Biophilic Wayfinding & Environmental Graphic Design

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Biophilic design for environmental graphics

Examples of indirect experiences of nature in biophilic design.  Representations of nature used to enliven interior environments. 

We’ve previously discussed the contribution of good wayfinding information design to wellbeing. Whether it’s by encouraging more active forms of travel or reducing stress that comes from being lost.  But what about the design itself?

Health & Well-Being Benefits of Biophilia

There are several academic studies that have found a positive corelation between productivity and happiness with exposure to nature. This has led to a growing interest in biophilic design within the built environment. We were keen to explore if and how we could employ biophilic design principles within the design of wayfinding systems.

Records on recovery after cholecystectomy of patients in a suburban Pennsylvania hospital between 1972 and 1981 were examined to determine whether assignment to a room with a window view of a natural setting might have restorative influences. Twenty-three surgical patients assigned to rooms with windows looking out on a natural scene had shorter postoperative hospital stays, received fewer negative evaluative comments in nurses’ notes, and took fewer potent analgesics than 23 matched patients in similar rooms with windows facing a brick building wall.

View Through a Window may Influence Recovery from Surgery – Roger Ulrich, Chalmers University of Technology

What is Biophilic Design

If you’d asked me a couple of weeks ago what biophilic design was, I’d have probably mumbled something about plants and indoors. Digging deeper I’ve discovered that there is an awful lot more to it. What’s more, a fair number of our previous projects have incorporated elements of biophilic design.

Experiences with nature are at the heart of biophilic design and these fall within three categories, direct, indirect and experience of place.

Direct Experience of Nature –this relates to direct contact with elements of the natural world. Extending beyond plants to animals, water, light, air, temperature, changing seasons and embraces all the senses – sight, hearing, taste, smell and feel. It’s about designing buildings that offer views of nature and landscapes rather than brick walls; incorporating water features and planting; implementing building management systems that allow for variable air flow, temperature and light.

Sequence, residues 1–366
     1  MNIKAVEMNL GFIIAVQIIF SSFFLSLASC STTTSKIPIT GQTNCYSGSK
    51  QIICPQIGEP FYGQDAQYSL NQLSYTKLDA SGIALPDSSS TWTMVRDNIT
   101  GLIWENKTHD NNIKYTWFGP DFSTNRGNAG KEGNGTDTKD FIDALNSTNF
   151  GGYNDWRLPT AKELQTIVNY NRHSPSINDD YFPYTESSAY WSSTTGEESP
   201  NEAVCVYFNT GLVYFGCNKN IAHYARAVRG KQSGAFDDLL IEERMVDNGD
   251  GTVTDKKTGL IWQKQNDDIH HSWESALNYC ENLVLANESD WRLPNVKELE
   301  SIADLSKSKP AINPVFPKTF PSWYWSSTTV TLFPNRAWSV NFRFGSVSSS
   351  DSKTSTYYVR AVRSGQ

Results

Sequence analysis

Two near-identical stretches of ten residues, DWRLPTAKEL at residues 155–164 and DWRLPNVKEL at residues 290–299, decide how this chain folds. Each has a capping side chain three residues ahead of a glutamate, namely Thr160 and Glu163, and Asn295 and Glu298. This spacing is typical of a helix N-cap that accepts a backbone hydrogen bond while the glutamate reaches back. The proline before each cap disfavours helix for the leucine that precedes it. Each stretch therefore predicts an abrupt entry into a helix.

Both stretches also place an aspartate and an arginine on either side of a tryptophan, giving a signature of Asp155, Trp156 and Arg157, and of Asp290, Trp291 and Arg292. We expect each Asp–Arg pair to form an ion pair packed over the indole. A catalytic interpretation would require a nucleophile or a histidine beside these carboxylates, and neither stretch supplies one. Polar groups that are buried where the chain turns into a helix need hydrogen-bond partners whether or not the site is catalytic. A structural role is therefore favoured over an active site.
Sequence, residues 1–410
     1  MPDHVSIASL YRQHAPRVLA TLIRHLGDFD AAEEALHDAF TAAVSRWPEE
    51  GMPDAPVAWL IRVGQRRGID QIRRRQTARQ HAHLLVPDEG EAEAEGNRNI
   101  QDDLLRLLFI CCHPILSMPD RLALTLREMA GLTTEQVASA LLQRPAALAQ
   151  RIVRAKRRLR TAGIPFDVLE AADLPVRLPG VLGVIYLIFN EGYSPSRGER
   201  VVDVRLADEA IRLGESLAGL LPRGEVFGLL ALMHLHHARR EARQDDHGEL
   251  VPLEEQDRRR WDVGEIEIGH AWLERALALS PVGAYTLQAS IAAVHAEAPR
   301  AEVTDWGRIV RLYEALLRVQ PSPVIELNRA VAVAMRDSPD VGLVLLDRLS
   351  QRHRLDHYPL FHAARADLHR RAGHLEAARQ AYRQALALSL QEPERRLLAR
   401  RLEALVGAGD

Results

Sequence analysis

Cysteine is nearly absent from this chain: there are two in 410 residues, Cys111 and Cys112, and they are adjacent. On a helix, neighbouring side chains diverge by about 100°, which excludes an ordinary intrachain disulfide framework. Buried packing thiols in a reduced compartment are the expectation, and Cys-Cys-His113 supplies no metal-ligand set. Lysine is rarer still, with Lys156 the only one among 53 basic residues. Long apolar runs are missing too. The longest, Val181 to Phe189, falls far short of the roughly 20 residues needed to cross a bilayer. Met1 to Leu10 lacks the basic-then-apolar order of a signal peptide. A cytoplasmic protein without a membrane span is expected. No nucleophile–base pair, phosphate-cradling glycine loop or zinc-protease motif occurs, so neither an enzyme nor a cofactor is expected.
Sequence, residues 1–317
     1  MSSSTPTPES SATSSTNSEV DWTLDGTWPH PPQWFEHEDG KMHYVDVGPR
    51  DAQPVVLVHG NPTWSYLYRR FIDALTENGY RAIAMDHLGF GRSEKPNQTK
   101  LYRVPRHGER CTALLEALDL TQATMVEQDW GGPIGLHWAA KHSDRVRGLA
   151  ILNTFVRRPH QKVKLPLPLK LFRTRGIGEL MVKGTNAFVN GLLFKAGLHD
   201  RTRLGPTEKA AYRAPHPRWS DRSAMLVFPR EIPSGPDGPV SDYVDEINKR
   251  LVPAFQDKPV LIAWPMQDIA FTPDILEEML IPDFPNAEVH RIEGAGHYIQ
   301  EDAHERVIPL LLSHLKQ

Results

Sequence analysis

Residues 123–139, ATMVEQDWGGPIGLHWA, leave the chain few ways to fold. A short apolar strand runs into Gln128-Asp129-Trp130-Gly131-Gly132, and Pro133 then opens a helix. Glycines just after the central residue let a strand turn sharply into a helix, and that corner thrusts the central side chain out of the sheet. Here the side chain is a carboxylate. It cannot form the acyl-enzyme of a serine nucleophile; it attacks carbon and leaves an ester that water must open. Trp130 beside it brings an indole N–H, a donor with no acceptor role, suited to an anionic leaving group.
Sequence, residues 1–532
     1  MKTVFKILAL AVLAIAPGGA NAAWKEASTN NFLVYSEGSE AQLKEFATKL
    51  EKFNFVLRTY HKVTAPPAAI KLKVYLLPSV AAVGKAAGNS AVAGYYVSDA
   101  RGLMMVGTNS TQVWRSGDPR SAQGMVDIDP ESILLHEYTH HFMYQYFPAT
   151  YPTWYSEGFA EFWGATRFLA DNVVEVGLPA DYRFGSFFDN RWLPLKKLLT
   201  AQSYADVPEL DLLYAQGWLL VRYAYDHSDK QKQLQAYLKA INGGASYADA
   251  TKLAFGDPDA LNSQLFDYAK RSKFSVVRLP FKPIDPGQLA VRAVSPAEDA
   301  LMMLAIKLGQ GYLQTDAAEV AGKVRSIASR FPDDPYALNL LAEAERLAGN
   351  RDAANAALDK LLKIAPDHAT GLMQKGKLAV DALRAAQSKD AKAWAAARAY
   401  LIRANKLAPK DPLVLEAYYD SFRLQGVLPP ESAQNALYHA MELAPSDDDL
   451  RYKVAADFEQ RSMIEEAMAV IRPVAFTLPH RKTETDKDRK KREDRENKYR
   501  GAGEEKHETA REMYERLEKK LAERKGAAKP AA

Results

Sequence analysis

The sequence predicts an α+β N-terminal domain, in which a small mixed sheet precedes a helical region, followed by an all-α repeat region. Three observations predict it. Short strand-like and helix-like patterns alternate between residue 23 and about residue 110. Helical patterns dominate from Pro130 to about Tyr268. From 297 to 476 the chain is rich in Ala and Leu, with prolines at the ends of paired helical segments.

Indirect Experience of Nature – as the name suggests this refers to representations of nature. This can be as obvious as images of nature; design of biomorphic forms; use of natural materials or materials with a patina (or similar) that reflect the passage of time; and patterns. Patterns can include direct representations of nature, but also highly ordered geometric/fractal patterns.

Experience of Place – includes addressing primitive instincts by providing clear views so that we see what and who might be approaching; as well as smaller, more hidden spaces for some quiet reflection. Of particular interest to The Velvet Principle, including wayfinding cues that enable people to move freely without anxiety and imbue a sense or security. At the other end of the spectrum are spaces that provide bit of mystery and encourage exploration.

From the quick canter through the principles of biophilic design, wayfinding consultants have an important role to play in the experience of place. Equally in the design of forms, graphic content and material selection. But to truly adhere to biophilic principles requires an integrated design approach that considers the building as a whole; and is contextually relevant to the environment. So if the project is based in a desert, the design inspiration needs to be drawn from that landscape rather than a tropical rainforest.

Want to Find Out More?

For more detailed and authoritative discussions about biophilic design principles – here’s a couple of papers that you might find interesting.

14 Patterns of Biophilic Design – Terrapin Bright Green

The Practice of Biophilic Design –Stephen R. Kellert & Elizabeth F. Calabrese​

View Through a Window may Influence Recovery from Surgery – Roger Ulrich, Chalmers University of Technology